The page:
Choosing Polyantha and Floribunda Roses - dummies

Choosing Polyantha and Floribunda Roses

By The National Gardening Association, Bob Beckstrom, Karan Davis Cutler, Kathleen Fisher, Phillip Giroux, Judy Glattstein, Michael MacCaskey, Bill Marken, Charlie Nardozzi, Sally Roth, Marcia Tatroe, Lance Walheim, Ann Whitman

Polyanthas and floribundas are the workhorses of the rose garden. Of all the different kinds of roses, Polyanthas and floribundas are the most prolific bloomers, plus they’re useful in the landscape, in perennial borders, and in large group or mass plantings. Most varieties need winter protection in areas where temperatures fall below 10°F (–12°C), but the springtime bloom makes it all worth it.

  • Pretty polyanthas: Polyanthas originated in France in the late 1800s, and only a few varieties are still widely grown. But polyanthas are important, not only as excellent roses, but also as the forerunners to the very popular and useful floribundas. Polyanthas are compact plants that usually grow about 2 to 3 feet high. And do they ever bloom! They virtually cover themselves in large, flat clusters of small flowers (usually about an inch wide) in shades of white, pink, red, orange, and yellow. Plus, they bloom and bloom again, all season long.


    Polyantha leaves are small and narrow, and the plants are fairly hardy, at least more so than hybrid teas. The most common polyantha, ‘The Fairy’, is one of the hardiest and most reliable, thriving without winter protection even to –25°F (–31°C).

  • Fancy floribundas: Early in the twentieth century, someone got the bright idea to cross the generous-blooming polyanthas with the larger-flowering hybrid teas. Floribundas, which, as their name suggests, offer flowers in abundance. The flowers emerge in large clusters like polyanthas, but the individual blooms are bigger, often with that beautiful hybrid tea form, and most are great cutting flowers. They really shine in the landscape, where they can brighten a dreary corner of the yard, highlight a garden ornament, or keep a perennial border wonderfully colorful all season long.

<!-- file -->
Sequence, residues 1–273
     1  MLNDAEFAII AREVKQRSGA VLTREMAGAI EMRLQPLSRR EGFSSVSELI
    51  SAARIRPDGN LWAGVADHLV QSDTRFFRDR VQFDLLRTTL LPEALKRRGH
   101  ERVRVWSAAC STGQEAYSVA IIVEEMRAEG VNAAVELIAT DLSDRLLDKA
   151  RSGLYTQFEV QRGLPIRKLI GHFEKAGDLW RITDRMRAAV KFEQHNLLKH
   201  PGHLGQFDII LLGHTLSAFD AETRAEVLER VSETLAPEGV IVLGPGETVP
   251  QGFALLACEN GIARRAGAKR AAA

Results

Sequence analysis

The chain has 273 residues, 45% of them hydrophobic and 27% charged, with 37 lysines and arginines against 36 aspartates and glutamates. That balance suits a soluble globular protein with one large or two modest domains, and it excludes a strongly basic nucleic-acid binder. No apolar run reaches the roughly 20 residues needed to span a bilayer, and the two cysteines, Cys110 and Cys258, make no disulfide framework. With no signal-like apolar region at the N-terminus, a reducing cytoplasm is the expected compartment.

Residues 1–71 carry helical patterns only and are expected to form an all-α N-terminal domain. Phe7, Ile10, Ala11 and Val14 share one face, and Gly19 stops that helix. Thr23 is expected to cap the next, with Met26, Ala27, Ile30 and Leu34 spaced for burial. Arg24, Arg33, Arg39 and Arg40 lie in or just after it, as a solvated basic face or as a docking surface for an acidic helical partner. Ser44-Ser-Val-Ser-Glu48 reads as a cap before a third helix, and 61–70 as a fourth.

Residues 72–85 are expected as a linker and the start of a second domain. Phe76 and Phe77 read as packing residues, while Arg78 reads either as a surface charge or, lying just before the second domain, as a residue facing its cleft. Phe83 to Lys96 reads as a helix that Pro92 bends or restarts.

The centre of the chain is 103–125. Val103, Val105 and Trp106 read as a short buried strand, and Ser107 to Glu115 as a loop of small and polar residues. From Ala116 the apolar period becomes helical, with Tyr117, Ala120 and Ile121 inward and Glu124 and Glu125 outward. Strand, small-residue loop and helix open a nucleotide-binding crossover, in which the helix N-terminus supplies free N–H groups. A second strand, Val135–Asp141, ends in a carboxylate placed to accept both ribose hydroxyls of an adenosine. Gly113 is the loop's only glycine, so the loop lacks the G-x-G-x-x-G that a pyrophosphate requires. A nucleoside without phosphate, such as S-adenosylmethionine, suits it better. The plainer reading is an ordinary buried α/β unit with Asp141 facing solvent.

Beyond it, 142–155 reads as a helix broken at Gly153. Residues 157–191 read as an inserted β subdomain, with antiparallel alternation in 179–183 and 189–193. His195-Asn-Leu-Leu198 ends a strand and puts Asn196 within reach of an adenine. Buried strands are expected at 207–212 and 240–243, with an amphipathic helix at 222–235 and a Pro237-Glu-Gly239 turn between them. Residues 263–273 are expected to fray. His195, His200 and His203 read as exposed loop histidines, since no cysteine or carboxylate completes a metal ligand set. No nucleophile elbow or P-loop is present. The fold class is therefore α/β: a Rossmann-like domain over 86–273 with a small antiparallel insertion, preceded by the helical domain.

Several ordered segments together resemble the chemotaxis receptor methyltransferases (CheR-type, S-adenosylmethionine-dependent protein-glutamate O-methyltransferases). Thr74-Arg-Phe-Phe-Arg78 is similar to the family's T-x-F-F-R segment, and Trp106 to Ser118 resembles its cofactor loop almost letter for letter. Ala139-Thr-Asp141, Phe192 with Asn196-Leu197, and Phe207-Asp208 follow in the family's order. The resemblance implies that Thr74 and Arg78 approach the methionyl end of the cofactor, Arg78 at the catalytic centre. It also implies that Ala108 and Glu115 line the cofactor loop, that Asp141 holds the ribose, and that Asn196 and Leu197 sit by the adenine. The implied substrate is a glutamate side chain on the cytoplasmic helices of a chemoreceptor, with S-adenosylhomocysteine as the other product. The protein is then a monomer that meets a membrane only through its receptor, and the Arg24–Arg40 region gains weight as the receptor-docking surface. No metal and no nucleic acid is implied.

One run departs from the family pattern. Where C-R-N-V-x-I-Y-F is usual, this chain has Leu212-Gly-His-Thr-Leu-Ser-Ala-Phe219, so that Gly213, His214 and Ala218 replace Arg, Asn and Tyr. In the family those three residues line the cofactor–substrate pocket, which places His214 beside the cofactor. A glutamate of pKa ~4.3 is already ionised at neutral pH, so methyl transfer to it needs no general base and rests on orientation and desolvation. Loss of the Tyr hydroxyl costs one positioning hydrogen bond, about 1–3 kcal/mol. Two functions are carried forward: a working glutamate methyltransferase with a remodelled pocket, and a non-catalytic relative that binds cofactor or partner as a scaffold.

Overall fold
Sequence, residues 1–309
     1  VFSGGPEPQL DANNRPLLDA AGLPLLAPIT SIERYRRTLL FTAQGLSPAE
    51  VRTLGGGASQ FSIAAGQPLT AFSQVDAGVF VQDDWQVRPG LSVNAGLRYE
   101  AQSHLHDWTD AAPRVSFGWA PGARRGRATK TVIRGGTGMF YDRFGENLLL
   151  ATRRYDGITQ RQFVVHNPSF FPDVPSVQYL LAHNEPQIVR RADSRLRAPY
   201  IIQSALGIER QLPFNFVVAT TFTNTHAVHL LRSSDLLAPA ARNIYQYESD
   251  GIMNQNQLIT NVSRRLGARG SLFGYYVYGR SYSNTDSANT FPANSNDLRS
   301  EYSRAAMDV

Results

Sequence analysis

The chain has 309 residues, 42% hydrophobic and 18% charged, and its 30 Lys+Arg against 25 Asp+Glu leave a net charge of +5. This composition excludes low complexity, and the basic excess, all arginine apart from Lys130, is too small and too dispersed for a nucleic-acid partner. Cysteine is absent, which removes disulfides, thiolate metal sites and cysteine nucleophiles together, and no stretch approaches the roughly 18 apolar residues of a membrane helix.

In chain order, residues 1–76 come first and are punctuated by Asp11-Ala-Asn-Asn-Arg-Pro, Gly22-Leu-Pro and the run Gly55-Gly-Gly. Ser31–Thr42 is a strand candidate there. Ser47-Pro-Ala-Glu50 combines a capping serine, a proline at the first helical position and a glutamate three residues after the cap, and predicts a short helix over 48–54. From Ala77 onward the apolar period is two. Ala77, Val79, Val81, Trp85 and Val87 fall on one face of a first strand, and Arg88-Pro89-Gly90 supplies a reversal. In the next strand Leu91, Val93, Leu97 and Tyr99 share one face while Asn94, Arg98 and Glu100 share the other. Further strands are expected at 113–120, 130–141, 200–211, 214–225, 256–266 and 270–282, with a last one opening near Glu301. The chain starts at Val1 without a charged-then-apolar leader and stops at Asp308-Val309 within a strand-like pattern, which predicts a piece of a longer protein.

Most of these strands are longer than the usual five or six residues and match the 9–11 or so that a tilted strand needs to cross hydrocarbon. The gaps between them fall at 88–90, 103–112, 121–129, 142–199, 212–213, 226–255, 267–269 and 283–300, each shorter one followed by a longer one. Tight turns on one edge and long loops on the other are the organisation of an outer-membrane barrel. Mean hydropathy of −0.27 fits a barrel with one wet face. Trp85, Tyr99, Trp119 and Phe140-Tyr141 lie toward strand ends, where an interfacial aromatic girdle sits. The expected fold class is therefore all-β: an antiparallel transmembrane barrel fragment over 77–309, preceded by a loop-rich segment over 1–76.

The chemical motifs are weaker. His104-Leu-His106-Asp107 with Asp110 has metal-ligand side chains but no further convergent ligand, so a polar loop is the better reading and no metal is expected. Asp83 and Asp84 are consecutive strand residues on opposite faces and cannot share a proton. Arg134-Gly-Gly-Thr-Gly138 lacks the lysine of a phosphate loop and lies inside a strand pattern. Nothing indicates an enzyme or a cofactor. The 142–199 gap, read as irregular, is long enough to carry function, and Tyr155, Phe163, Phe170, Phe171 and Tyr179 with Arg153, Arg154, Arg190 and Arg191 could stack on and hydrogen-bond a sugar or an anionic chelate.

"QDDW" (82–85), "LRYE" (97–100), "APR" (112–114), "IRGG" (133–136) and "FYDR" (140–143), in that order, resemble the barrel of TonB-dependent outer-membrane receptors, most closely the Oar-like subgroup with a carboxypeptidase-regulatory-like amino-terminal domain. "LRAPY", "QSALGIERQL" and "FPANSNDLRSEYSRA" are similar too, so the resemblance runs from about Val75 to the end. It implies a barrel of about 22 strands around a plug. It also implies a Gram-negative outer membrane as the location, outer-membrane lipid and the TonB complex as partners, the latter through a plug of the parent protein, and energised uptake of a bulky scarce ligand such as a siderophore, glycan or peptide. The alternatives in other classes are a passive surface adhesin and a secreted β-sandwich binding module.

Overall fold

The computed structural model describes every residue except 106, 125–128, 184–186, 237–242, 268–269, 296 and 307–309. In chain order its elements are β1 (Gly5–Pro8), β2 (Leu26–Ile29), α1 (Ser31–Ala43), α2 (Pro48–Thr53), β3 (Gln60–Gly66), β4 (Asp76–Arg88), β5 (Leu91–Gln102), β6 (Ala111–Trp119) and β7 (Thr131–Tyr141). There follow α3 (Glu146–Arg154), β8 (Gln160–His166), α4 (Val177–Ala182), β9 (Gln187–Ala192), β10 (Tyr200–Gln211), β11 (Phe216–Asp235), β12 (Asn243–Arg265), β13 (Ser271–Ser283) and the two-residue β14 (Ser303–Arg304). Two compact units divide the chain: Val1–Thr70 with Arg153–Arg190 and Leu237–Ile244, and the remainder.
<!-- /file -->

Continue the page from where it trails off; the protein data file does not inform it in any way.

Floribundas come in all the hybrid tea colors, which is probably almost any flower color you can think of except blue and true green. The plants grow from 3 to 5 feet high and may be upright or low and spreading — or anything in between. Their range in plant shape makes them versatile landscape plants. Some floribunda varieties have compact growth habits and are easy to tuck into small areas of the garden. Others grow tall and wide and exhibit many of the characteristics of modern shrubs. “Grow as shrub” is a common description in rose catalogs. Choose varieties that suit the area in which you want to plant them.

Floribundas and polyanthas are among the easiest roses to grow. Most have good disease resistance and need little care other than water and fertilizer. Removing spent flowers during the growing season is important if you want a bush to keep producing flowers. You can just get out your hedge shears to cut off faded flowers. In warm climates, you may need to whack off a cane or two during the season to keep the plant within bounds, and then cut back the whole plant 25 to 50 percent in winter. But in cold climates, floribundas need pruning only in early spring. Cut off any part of the plant that was damaged over the winter.

Today’s rose hybridizers are working very hard to breed disease resistance into new varieties of roses. Therefore, many of the newer floribunda varieties are naturally resistant to the diseases that attack roses. Rose culture, especially for the new floribundas, is getting simpler every year. If a floribunda variety excels in the disease resistance department, you can bet that the rose catalogs will say so. So if you don’t care much for spraying for black spot and powdery mildew, choose disease-resistant varieties.

Even though these plants tend to be slightly hardier than hybrid teas, you may still need to provide winter protection if you live where winter temperatures fall to 10°F (–12°C) or lower.